Wednesday, March 31, 2021

Alston v. NCAA


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1. Alston v. NCAA

by Michael McCann, Sportico

Today at 10 a.m. ET, the U.S. Supreme Court will hear oral arguments in one of the most important cases to involve the sports industry. Two petitioners, the NCAA and the Big Ten Conference, will argue their consolidated side in the class action led by former West Virginia running back Shawne Alston over how schools compensate athletes. The Justice Department will also participate on behalf of Alston. The hearing will occur by telephone conference in light of pandemic safety measures.

1) In a nutshell, what is NCAA v. Alston about?

This is an antitrust case about the legality of colleges, through the NCAA, agreeing to limit compensation to student-athletes. Federal antitrust law prohibits competing businesses from unreasonably restraining how they compete. The basic rationale is that when competitors work together, some element of the economy might experience higher prices, fewer choices or less innovation.

2) If Alston wins, would that mark the end of amateurism?

No. “Amateurism” is a label used to define a set of NCAA rules that govern college sports and that, by prohibiting certain types of commercial opportunities, attempt to distinguish college athletes from professional ones. These rules have changed over the years—including through reforms sparked by Ed O’Bannon’s litigation—and will continue to evolve, regardless of the Court’s forthcoming ruling.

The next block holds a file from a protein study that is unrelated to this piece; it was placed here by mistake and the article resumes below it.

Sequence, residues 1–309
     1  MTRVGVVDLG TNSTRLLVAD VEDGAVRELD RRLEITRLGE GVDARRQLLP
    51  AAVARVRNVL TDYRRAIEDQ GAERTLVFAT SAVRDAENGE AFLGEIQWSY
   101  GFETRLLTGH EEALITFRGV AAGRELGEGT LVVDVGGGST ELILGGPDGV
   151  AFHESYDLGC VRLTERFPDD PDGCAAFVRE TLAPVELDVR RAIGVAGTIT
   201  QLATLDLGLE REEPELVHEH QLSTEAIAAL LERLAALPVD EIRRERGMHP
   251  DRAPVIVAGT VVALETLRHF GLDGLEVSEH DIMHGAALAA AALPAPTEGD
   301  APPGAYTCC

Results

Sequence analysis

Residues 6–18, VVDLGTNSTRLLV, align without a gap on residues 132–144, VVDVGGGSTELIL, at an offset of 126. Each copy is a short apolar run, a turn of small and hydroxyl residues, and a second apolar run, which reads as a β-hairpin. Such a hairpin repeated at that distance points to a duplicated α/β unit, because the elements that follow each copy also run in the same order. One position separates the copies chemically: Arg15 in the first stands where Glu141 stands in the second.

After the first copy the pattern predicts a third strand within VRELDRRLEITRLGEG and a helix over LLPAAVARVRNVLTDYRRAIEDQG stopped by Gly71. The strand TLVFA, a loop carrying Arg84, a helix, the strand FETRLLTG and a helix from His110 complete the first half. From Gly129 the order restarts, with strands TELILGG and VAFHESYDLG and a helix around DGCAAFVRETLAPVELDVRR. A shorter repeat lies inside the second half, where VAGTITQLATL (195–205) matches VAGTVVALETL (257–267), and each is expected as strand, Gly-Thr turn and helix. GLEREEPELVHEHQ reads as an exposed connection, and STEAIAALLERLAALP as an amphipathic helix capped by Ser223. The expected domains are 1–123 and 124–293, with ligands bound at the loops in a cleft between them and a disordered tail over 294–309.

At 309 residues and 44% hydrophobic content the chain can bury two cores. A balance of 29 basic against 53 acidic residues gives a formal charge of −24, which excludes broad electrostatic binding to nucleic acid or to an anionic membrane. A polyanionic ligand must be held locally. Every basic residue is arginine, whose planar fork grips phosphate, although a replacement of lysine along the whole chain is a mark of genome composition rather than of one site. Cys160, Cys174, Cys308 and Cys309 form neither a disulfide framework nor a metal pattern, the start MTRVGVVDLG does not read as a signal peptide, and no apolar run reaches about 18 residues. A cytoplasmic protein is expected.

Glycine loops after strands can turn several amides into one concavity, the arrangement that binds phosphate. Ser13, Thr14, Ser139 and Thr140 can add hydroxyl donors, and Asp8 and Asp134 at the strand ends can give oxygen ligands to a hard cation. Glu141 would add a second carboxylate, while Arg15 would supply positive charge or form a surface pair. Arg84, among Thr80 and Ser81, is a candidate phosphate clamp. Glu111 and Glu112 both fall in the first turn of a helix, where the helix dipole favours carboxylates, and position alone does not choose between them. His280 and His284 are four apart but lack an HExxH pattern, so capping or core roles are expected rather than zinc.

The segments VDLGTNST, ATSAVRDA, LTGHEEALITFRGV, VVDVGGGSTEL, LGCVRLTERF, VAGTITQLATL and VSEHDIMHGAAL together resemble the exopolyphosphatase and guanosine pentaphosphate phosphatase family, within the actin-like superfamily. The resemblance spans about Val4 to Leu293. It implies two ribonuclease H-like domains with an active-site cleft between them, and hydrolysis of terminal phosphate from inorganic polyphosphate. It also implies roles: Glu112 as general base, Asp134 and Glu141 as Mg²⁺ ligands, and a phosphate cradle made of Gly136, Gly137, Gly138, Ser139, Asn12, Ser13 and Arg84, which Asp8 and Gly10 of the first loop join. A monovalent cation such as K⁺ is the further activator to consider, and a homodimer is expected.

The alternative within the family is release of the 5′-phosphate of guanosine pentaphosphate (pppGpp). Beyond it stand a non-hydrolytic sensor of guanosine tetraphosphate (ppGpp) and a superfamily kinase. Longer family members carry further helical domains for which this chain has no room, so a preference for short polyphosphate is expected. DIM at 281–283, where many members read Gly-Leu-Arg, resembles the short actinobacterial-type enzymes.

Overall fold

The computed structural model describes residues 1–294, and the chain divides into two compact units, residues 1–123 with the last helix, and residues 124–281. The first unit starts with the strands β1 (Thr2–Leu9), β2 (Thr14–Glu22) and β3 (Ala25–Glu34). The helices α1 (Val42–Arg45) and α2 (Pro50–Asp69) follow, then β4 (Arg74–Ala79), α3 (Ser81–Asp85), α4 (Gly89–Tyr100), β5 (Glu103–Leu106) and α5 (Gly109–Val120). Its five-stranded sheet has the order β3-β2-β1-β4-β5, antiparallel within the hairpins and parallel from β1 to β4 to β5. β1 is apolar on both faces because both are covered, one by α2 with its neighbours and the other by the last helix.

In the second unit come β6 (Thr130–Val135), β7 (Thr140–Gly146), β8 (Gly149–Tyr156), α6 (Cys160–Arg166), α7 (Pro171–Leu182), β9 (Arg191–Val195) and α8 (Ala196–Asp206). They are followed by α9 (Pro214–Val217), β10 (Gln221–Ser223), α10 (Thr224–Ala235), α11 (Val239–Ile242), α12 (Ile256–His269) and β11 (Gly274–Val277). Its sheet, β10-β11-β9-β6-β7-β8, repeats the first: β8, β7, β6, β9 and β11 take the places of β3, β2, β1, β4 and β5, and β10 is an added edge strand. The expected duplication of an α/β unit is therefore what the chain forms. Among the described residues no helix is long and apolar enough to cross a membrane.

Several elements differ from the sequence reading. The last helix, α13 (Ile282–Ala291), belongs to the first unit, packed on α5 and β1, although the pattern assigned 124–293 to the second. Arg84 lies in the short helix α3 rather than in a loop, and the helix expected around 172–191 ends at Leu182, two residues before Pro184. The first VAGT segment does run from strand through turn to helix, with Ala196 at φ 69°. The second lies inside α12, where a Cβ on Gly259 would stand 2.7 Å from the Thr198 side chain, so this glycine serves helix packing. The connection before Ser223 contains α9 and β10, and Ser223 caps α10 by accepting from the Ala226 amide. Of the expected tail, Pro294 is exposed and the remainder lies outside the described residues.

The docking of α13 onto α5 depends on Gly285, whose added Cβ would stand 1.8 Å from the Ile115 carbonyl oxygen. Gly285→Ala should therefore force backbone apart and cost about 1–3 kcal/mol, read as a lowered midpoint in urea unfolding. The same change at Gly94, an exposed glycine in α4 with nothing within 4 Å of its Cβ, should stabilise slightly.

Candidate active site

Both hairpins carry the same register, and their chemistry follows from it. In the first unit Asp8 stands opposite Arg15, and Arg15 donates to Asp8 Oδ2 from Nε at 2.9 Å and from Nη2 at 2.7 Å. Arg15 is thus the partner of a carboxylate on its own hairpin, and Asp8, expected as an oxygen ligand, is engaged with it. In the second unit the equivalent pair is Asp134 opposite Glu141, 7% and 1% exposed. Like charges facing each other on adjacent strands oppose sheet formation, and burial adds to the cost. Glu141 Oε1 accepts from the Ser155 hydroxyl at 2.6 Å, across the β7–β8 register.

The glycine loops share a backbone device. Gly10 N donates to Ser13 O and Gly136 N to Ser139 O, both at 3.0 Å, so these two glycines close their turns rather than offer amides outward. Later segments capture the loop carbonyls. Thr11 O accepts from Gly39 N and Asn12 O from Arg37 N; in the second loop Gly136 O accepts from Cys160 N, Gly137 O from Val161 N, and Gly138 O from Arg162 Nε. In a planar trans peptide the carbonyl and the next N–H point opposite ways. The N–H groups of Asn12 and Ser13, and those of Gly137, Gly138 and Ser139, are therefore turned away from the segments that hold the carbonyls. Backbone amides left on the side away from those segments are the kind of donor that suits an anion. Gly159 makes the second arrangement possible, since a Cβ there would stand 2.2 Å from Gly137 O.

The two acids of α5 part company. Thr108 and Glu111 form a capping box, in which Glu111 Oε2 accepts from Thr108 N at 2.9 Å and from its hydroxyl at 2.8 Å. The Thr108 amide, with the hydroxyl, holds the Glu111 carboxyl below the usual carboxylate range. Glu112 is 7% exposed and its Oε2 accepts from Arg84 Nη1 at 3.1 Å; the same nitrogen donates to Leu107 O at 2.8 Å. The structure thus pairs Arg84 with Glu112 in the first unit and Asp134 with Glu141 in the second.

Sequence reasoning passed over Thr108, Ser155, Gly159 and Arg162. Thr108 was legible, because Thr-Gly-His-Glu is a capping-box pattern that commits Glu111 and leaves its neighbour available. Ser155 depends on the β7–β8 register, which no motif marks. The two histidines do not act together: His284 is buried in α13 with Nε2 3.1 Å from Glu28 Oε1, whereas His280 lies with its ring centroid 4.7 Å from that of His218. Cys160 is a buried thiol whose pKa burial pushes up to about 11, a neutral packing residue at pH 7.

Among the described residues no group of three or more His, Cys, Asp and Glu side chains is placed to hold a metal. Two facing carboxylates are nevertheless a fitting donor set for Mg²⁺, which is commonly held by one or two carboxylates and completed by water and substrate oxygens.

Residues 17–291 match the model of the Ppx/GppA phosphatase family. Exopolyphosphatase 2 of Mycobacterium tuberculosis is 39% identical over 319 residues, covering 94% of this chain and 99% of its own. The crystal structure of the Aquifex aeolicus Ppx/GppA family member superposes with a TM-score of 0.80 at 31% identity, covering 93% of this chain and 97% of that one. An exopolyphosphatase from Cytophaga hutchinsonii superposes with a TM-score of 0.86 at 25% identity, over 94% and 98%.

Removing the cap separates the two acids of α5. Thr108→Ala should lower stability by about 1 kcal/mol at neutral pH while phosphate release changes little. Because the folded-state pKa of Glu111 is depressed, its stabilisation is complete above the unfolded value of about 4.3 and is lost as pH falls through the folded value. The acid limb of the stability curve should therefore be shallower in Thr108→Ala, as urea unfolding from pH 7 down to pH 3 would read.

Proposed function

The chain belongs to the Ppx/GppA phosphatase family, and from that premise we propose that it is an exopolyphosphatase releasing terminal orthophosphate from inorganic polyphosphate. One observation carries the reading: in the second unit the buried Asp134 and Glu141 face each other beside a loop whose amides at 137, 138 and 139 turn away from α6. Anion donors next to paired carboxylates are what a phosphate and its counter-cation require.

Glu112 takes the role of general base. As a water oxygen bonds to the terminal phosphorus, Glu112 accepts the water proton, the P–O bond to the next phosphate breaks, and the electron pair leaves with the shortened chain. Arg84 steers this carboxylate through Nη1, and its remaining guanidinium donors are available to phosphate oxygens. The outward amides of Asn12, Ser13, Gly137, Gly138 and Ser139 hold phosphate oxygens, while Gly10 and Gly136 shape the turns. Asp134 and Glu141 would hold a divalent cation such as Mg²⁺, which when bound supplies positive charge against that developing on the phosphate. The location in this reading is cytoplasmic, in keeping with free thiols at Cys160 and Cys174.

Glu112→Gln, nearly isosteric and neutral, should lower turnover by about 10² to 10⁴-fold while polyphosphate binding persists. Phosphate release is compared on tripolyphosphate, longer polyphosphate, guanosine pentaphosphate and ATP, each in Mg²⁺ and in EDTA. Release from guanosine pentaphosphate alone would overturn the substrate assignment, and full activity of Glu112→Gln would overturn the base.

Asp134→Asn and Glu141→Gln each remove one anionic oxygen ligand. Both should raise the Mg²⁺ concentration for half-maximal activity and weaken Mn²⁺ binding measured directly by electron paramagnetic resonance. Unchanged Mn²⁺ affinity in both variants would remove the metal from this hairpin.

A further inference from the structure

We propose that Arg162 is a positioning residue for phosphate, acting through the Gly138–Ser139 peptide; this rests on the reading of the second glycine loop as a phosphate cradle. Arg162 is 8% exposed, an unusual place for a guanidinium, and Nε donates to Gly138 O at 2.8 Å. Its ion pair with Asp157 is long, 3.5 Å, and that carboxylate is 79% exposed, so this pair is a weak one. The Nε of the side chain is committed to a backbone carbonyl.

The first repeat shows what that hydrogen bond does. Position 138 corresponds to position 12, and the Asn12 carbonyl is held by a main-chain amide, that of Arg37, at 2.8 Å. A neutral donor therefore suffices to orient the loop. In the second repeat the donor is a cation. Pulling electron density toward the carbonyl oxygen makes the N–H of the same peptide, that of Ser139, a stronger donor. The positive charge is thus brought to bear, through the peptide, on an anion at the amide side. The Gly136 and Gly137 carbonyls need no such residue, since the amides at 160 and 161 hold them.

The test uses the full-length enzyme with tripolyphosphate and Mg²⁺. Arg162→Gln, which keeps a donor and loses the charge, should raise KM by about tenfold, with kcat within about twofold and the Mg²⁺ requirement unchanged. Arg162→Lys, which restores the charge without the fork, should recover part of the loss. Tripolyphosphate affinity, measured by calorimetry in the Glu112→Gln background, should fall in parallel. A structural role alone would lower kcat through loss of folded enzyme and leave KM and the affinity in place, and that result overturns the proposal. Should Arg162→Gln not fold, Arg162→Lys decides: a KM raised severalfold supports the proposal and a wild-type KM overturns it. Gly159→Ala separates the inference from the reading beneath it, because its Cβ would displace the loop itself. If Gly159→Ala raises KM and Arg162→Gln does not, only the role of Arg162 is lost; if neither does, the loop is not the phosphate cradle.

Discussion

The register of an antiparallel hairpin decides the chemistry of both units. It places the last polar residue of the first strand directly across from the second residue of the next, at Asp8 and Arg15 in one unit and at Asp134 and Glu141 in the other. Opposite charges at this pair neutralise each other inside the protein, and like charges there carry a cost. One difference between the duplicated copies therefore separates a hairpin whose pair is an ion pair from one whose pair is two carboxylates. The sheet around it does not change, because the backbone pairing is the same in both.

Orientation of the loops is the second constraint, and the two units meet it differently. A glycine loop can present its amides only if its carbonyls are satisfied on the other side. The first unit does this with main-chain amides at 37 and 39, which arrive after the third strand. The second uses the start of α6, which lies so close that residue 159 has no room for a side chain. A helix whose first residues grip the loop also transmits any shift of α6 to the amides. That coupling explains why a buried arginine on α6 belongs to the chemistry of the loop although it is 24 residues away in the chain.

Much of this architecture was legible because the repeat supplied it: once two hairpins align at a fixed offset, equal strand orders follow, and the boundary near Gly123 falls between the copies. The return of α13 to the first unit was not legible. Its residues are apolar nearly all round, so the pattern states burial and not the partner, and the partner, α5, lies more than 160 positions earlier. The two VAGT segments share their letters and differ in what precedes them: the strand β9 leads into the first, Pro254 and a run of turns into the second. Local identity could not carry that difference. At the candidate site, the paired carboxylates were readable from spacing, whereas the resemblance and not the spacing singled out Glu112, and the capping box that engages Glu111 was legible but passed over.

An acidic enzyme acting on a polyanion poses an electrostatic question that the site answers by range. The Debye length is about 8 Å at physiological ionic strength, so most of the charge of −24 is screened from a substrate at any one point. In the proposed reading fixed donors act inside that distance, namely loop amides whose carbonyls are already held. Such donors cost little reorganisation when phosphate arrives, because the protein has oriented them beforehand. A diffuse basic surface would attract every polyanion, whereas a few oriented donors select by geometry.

3) What kinds of changes could we expect if Alston wins?

If the Supreme Court affirms the Ninth Circuit and upholds the prescribed remedy, the NCAA must then rewrite rules to allow schools to offer reimbursements for expenses pertaining to computers, science equipment, musical instruments and other tangible, academic-related items not included in the cost of attendance calculation. In addition, the NCAA could no longer limit internships for college athletes after their eligibility expires, though could cap cash graduation and academic awards to $5,600 (a dollar figure that would change by academic year).

4) Some have conflated the Alston case with name, image and likeness reform. Are they the same?

No. The Alston case, as explained above, is a federal antitrust dispute. NIL falls under a different area of law, intellectual property, and to date only under state law (Congress is considering federal NIL bills but none has advanced past committee).

The Alston case is also about how schools compensate their student-athletes. NIL reform, in contrast, concerns how college athletes can earn money from third parties—be they apparel companies, sneaker manufacturers, summer camps, video game publishers and businesses that leverage social media influencing—not the schools themselves.